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Imperial Beach

Port of San Diego’s oceanfront tidelands

The entrance to Imperial Beach is marked by a grand entry sign and public art.

When most people think of the Port of San Diego, they think of the areas surrounding San Diego Bay. What many people don’t know, however, is that the port also manages a small section of oceanfront in the city of Imperial Beach.

Back in 1990, the State of California transferred 403 acres of beachfront to the Port of San Diego and the city of Imperial Beach became the port’s fifth member city, joining Chula Vista, Coronado, National City and San Diego.

Since then, the port has embarked on many projects that have improved the Imperial Beach oceanfront.

From maintenance of the Imperial Beach Pier, to the reconstruction of the Palm Avenue street end, the port has pumped millions of dollars of capital improvements into the beachside community.

The Imperial Beach Pier, originally built in the 1960s, was renovated and extended in 1986, before the Port of San Diego took over its management. Popular among both residents and tourists, it needs constant upkeep due to the harsh conditions of its ocean environment. In 2006, the port completed a $1.8 million project that made structural repairs to the pier, including repairing and replacing guard rails, light poles and timber deck planks. Electrical and mechanical repairs, as well as sewer line repairs were also made.

The "Spirit of Imperial Beach" by the late A. Wasil is the centerpiece of a public promenade at the foot of Palm Avenue in Imperial Beach.

This December, the port will begin another project to replace damaged sections of the wooden pier deck and level its uneven surfaces.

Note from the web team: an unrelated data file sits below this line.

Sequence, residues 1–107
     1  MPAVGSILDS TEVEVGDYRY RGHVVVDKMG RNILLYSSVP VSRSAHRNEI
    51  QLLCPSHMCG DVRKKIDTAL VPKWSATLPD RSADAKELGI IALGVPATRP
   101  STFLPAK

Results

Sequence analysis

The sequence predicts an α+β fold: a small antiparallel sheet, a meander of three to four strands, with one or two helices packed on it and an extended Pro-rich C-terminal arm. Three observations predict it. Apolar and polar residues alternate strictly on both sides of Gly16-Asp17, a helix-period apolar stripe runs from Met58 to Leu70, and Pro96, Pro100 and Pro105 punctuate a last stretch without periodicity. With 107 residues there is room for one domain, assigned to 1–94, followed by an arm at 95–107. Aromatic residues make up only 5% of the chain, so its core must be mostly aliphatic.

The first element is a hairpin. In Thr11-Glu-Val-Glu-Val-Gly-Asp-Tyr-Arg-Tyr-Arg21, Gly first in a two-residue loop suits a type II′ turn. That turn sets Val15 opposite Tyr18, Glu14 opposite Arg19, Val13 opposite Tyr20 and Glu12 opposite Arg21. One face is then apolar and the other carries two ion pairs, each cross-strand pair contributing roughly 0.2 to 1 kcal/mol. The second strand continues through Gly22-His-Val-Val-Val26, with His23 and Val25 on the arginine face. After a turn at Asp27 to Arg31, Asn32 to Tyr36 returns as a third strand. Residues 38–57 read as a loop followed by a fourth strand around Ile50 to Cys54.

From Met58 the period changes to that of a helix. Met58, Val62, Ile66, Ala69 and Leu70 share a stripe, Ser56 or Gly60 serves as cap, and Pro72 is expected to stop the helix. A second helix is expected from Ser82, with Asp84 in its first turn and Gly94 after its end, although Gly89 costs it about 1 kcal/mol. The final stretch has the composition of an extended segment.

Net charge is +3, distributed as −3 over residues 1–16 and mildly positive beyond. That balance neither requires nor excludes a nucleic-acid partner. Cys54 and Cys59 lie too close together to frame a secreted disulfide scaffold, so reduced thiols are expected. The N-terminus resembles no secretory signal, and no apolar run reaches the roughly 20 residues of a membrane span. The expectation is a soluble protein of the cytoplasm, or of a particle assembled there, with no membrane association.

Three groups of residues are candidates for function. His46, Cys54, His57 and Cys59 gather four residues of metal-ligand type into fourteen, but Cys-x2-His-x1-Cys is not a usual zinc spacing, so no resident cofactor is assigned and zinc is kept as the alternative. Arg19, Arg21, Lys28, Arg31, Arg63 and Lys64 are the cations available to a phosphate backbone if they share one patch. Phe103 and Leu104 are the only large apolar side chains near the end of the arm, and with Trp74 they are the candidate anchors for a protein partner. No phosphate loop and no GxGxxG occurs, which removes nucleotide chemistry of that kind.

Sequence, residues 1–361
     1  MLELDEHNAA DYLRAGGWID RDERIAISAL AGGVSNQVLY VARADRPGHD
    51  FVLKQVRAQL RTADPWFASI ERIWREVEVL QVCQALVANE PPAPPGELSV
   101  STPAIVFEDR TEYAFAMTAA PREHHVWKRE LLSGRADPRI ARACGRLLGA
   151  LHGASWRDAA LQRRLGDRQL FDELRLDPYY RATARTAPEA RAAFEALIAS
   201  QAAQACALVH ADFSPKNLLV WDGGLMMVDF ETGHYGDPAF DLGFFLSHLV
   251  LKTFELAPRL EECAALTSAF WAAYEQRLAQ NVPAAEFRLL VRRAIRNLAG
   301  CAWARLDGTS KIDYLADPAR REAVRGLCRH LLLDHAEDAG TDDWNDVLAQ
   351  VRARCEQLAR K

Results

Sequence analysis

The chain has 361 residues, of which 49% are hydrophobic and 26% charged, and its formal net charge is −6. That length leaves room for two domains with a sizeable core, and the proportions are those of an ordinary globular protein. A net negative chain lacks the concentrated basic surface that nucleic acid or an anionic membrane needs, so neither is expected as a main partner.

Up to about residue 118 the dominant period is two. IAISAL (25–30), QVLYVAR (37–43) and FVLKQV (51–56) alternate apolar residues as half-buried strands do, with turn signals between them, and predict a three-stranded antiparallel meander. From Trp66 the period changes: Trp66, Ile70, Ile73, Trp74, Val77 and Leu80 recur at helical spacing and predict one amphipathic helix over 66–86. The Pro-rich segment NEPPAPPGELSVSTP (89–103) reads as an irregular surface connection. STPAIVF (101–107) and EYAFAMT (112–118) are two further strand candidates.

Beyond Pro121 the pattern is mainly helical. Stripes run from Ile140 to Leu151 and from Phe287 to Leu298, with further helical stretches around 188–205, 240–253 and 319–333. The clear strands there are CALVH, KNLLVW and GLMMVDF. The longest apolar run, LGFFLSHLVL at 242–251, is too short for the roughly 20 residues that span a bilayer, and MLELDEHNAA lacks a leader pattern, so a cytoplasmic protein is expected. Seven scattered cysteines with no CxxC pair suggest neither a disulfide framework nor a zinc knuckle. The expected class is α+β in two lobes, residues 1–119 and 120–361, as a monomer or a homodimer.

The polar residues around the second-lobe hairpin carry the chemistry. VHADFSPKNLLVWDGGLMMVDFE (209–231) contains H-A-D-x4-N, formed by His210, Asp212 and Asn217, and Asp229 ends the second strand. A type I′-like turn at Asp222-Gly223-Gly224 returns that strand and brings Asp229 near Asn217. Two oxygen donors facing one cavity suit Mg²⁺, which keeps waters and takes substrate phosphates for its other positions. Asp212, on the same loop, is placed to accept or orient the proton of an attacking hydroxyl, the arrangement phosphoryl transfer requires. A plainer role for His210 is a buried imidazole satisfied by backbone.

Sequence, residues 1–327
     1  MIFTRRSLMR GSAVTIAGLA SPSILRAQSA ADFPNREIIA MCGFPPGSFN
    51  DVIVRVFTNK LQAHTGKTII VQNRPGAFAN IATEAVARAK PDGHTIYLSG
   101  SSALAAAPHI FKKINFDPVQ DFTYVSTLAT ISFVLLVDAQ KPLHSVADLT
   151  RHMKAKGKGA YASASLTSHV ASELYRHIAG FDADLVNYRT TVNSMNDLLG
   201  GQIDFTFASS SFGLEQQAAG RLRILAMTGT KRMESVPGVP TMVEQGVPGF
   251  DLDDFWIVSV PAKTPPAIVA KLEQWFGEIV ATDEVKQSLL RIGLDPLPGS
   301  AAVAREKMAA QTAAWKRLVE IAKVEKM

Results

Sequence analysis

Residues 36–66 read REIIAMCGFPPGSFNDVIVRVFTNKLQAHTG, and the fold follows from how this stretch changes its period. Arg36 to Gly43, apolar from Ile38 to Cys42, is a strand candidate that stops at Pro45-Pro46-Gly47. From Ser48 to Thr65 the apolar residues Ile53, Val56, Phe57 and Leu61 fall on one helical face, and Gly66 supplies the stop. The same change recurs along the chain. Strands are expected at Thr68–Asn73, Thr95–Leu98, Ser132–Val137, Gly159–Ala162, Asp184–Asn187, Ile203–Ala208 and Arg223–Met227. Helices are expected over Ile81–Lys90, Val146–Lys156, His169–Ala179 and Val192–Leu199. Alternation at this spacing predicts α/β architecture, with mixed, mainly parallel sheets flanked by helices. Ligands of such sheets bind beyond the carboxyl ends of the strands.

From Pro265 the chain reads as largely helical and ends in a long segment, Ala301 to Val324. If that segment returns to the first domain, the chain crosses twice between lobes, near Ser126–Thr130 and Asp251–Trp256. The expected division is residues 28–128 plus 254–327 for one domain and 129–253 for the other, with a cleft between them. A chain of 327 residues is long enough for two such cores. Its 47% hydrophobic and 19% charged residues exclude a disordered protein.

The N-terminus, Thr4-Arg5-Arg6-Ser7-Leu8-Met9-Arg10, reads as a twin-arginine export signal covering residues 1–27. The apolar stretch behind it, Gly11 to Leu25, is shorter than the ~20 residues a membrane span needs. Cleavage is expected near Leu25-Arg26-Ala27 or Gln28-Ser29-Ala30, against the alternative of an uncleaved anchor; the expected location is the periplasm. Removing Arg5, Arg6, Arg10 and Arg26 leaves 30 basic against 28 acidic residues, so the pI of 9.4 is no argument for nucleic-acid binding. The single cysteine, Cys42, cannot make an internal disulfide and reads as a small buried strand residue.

In 2009, the port contributed nearly $3 million to a public works project that transformed the western end of Palm Avenue. The project created a park-like setting for ocean viewing, and included important environmental and safety features. A new storm water pump station with a built-in pollution diversion system was installed, as well as ramps that provide direct access to the beach. The city of Imperial Beach and the state Water Resources Control Board also contributed to the project. Public art was also incorporated, with the installation of an 18-foot tall cast bronze sculpture of a surfer and his longboard titled, “Spirit of Imperial Beach.”

In June 2012, the port began the Imperial Beach Street Ends Sand Abatement Project. This is a $521,000 project that will provide sand abatement structures to prevent sand from blowing into Dunes Park and onto the street ends near the beach. The project is in the preliminary stages and must go through the California Environmental Quality Act review and public review. Once all approvals are met, it is anticipated that the project would begin in June 2013.

Other upcoming projects in the beach city include replacing the roof on the Portwood Pier Plaza concession building and restroom. This project will begin in October 2012 and cost approximately $80,000.

Next summer, a project that will provide emergency vehicle access to the beach at the end of Palm Avenue will begin. This project will also mitigate damage caused by winter storms in 2010. It should take about five months to complete and is estimated to cost $665,000.

Future projects for the area include two that were recently approved in the Port’s Capital Improvement Program. These include a feasibility study for a restroom with a shower at South Seacoast Drive and a “tot lot” near the Imperial Beach Pier. The Capital Improvement Program also authorized $250,000 to be spent on aesthetic improvements for the area known as Pond 20, which fronts the 1400 block of Palm Avenue.

The area is often referred to as the “front porch” of Imperial Beach. It was purchased by the port about 14 years ago as part of an 836-acre land acquisition. It is located in the city of San Diego’s jurisdiction, but is included as part of the city of Imperial Beach’s redevelopment area. The port has been holding public meetings to get community input on what should be located on the land. A Memorandum of Understanding was approved between the cities of San Diego and Imperial Beach, and the Port of San Diego to explore possible uses. The project is still in the very early stages.

The Port of San Diego also helps pay for police, fire, emergency medical, lifeguard and animal control services for the city of Imperial Beach. For fiscal year 2012-2013, this amount is $3.4 million.

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